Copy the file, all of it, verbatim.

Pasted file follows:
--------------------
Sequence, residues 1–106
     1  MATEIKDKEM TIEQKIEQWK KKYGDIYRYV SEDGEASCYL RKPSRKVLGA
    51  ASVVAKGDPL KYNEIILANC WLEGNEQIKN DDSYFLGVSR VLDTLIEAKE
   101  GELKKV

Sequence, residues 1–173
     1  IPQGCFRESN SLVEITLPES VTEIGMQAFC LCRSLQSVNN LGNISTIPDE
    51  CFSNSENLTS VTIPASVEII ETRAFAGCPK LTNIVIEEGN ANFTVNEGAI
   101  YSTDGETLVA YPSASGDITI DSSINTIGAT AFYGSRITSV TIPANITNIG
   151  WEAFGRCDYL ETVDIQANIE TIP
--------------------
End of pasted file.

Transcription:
Sequence, residues 1–106
     1  MATEIKDKEM TIEQKIEQWK KKYGDIYRYV SEDGEASCYL RKPSRKVLGA
    51  ASVVAKGDPL KYNEIILANC WLEGNEQIKN DDSYFLGVSR VLDTLIEAKE
   101  GELKKV

Sequence, residues 1–173
     1  IPQGCFRESN SLVEITLPES VTEIGMQAFC LCRSLQSVNN LGNISTIPDE
    51  CFSNSENLTS VTIPASVEII ETRAFAGCPK LTNIVIEEGN ANFTVNEGAI
   101  YSTDGETLVA YPSASGDITI DSSINTIGAT AFYGSRITSV TIPANITNIG
   151  WEAFGRCDYL ETVDIQANIE TIP